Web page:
It’s summer, and the sun is beating down—but you want to keep moving and stay fit.
So how do you keep working toward your training goals as the temperature soars?
We’ll give you six tips—but first, here’s why it’s tougher to train when it’s hot: Quite simply – heat adds more stress to the body.
With warmer weather, your body’s core temperature increases, and it has to work harder to regulate it. Your heart has to pump faster to deal with the stress of the temperature and your movement—as if the workout wasn’t challenging enough by itself!
If you have any specific heat-related concerns or medical conditions, be sure to contact a doctor before increasing activity. But if you’re generally healthy and active, these tips will help you keep moving this summer. Remember, if you feel unwell at any time when training in the heat, break off the session and get to a cooler place – Tell your coach. If symptoms are extreme, contact a healthcare provider right away.
- Wear the right clothing—Make sure you’re wearing lightweight, breathable clothes that encourage airflow. Modest people might not want to go with a bare-minimum approach, but others will find it helpful to take off as much clothing as possible. Be sure to check on what’s acceptable wherever you’re training.
- Manage the sun—Direct sunlight can really heat things up, so indoor workouts or shady spots are perfect. But if they aren’t available, protect your head with a hat, and wear light colors that don’t absorb as much heat. You’ll probably sweat a lot, but that moisture on your skin is part of the evaporative cooling process.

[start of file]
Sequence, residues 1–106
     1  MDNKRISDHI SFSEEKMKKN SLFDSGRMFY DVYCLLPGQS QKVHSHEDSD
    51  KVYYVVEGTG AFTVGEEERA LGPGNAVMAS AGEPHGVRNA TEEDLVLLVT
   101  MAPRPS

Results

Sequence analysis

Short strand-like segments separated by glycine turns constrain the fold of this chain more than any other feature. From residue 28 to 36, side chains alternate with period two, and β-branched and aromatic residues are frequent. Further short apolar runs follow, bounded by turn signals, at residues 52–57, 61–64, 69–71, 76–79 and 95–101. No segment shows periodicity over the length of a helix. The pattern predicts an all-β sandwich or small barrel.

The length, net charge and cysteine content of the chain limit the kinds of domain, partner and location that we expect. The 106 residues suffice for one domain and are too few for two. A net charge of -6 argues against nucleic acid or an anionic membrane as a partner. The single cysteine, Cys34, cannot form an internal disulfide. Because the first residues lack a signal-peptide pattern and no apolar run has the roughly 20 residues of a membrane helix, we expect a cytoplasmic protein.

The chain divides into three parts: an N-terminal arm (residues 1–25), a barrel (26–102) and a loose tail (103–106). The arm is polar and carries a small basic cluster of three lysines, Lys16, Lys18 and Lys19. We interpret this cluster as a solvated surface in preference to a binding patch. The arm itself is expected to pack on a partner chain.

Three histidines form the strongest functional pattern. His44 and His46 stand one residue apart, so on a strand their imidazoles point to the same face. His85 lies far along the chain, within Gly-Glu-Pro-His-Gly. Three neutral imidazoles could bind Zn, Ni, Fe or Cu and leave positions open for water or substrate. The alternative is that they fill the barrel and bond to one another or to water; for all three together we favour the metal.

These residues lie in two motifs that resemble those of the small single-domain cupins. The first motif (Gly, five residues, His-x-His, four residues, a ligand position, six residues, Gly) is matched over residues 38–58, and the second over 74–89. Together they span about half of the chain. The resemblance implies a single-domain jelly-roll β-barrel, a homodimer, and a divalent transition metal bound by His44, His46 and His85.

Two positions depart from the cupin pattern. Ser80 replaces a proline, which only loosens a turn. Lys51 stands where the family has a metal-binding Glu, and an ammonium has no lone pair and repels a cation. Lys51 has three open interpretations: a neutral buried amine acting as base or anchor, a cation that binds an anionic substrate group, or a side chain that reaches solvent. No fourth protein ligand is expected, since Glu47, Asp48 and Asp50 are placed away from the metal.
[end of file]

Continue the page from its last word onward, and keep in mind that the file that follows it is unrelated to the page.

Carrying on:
- Enjoy the breeze, set up a fan, and “just add water”—Air movement is your friend when it’s hot. Try to find breezy spots or fire up a fan to help you stay cool as you train. You might even dowse yourself with a garden hose or soak your hat in water from time to time to cool down.
- Train around the heat—Check the forecast, see when it’s supposed to be coolest, and plan your workout for that time.
- Stay hydrated—You’re going to sweat, so you need to take in some fluid to replace what you lose. Remember, it’s also possible to drink too much, so don’t overdo it here. For shorter workouts, just make sure you have water available and sip as needed before, during, and after the workout. For long, intense workouts or events, you should consult an expert who can ensure you have the right plan. As for sports drinks, they’re an option, but they usually contain a lot of sugar. Be sure to check the labels so you pick beverages that support your goals.
- Reduce intensity as needed—If it feels like you’re training in an oven, it’s fine to slow down, rest more often or take breaks. Remember, one workout isn’t going to make or break your training plan. If it’s 95F and you feel like a piece of bacon, adjust your plan. For example, you might cancel a high-intensity workout with sprinting, sled pushes, and pull-ups in favor of some heavy lifting in short sets with lots of recovery time between them. Or maybe you pass on the workout and ride your bike to a nearby pool for a dip. That activity counts, too, even if it’s not a “workout.”
We Can Help!
There you have it—six basic tips to manage the heat this summer.
Remember, an expert coach can help you ensure your training plan is perfect for you and make adjustments if the weather requires them.
To book a free consultation and find out more about working with a coach, click “FREE INTRO” button at the top of the screen